Avaya Emergency - Any ideas?

Discussion in 'VOIP' started by Jason Kolb, May 10, 2005.

  1. Jason  Kolb

    Jason Kolb Guest

    Well, Avaya has gotten me into a bind. Maybe somebody out there has
    run into this before, it's worth a shot :)

    We have an internal outsourcer running Avaya IP phones and an S8300
    with SLP. In the states, we have an S8700 that we need to use to run
    the IP phones (the S8300 is failover). Unfortunately and unavoidably
    we are getting latency times of about 315ms roundtrip to the remote
    site. This seems to be on the verge of acceptable, because the IP
    phones can sometimes register, but other times we are receiving an
    error "2011 IP FURQ-NoQ931 msg rcvd Force Unregistration Request". It
    seems to be extremely random. We called Avaya and it they said the
    registration confirmation is not getting from the phone back to the
    8700 in a timely mannger. There are absolutely no firewall
    restrictions of any kind between the phone and the 8700.

    So what I'm left with is either finding a way to MAKE this work, or
    putting a bunch of really expensive equipment up on eBay :( We are
    looking for a way to override this behavior, either by extending the
    timeout or forcing the phone to register somehow. By the way, I'm
    willing to pay for advice that works...

    Thanks for any help you can offer!!

    Jason Kolb
    jason.kolb at gmail dot com
     
    Jason Kolb, May 10, 2005
    #1
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  2. Jason  Kolb

    wkearney99 Guest

    > So what I'm left with is either finding a way to MAKE this work, or
    > putting a bunch of really expensive equipment up on eBay :( We are
    > looking for a way to override this behavior, either by extending the
    > timeout or forcing the phone to register somehow. By the way, I'm
    > willing to pay for advice that works...


    Talk to your ISPs on each end. Improve the network latency between them.
    If you're expecting to get by on the cheap using the internet then you're
    not going to get it to work reliably. If you're outsourcing overseas then
    you'll have to deal with increased networking costs. Possibly even going so
    far as dedicated virtual circuits.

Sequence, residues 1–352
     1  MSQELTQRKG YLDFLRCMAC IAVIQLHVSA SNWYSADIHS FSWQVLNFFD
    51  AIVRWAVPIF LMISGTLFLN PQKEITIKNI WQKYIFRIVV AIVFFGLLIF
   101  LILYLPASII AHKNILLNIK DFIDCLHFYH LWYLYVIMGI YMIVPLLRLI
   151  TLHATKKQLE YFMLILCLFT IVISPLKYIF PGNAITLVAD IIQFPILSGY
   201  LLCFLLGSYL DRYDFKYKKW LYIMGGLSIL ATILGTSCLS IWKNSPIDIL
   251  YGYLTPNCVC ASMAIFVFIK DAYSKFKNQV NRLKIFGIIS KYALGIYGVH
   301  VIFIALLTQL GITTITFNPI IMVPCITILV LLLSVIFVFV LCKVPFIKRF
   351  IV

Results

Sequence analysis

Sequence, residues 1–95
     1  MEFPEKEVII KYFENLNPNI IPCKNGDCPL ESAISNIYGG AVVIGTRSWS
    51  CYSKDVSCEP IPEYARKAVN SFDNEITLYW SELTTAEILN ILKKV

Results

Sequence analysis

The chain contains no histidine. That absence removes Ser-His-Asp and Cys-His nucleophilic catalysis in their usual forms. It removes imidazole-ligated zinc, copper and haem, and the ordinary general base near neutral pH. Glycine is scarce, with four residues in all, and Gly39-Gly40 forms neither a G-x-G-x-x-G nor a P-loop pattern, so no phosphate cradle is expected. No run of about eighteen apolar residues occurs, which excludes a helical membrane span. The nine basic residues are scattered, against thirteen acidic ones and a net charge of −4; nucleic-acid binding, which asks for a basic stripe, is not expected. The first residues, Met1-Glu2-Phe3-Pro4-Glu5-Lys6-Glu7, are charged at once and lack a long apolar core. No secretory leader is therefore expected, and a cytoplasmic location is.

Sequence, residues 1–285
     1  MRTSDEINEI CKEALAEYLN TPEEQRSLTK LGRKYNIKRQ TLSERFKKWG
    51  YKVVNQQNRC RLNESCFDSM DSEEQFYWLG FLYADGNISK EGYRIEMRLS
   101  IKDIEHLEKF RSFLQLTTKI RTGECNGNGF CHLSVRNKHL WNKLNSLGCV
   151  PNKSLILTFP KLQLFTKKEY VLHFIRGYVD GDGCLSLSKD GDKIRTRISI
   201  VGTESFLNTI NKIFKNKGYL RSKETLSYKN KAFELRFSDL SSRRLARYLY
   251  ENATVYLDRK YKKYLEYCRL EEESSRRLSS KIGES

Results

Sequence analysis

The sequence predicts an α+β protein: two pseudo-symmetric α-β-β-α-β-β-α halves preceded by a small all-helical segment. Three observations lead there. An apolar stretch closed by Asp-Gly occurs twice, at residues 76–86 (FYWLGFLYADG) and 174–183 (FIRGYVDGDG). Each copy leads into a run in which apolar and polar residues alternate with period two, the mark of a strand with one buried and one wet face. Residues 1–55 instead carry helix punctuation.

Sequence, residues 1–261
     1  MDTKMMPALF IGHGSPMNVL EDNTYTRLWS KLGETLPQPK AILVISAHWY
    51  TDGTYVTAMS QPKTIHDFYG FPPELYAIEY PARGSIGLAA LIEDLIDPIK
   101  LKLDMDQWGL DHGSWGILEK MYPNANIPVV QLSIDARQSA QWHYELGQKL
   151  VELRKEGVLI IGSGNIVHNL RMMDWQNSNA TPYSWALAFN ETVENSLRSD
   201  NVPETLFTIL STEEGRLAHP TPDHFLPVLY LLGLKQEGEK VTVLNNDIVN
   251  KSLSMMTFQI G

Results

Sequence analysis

It's not the equipment that's at fault here, its the network you're putting
    it on.
     
    wkearney99, May 11, 2005
    #2
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  3. Jason  Kolb

    stephen Guest

    "wkearney99" <> wrote in message
    news:eek:...
    > > So what I'm left with is either finding a way to MAKE this work, or
    > > putting a bunch of really expensive equipment up on eBay :( We are
    > > looking for a way to override this behavior, either by extending the
    > > timeout or forcing the phone to register somehow. By the way, I'm
    > > willing to pay for advice that works...

    >
    > Talk to your ISPs on each end. Improve the network latency between them.
    > If you're expecting to get by on the cheap using the internet then you're
    > not going to get it to work reliably. If you're outsourcing overseas then
    > you'll have to deal with increased networking costs. Possibly even going

    so
    > far as dedicated virtual circuits.


    it is worth working out what the "inherent" latency is between the
    locations - if you are close to that then you need to alter the topology.

    if you cant fix it, then you will need a more local call processor - maybe
    you can make the local 8300 the default and fall back to the remote
    processor?
    >
    > It's not the equipment that's at fault here, its the network you're

    putting
    > it on.


    well sort of - but good network gear should not have built in limiting
    assumptions about bounded delay. (or at least if it does there should be
    something in the documentation).
    >

    --
    Regards

    Stephen Hope - return address needs fewer xxs
     
    stephen, May 11, 2005
    #3
  4. Jason  Kolb

    wkearney99 Guest

    > well sort of - but good network gear should not have built in limiting
    > assumptions about bounded delay. (or at least if it does there should be
    > something in the documentation).


    Given the nature of the application it's not like operating in a
    high-latency, or worse yet an inconsistent latency, situation is going to
    work reliably. Shifting from circuit-switched to packet-switched doesn't
    change the underlying need to reliable delivery of the data. If the
    underlying network can't deliver then no devices are going to work reliably.
     
    wkearney99, May 12, 2005
    #4
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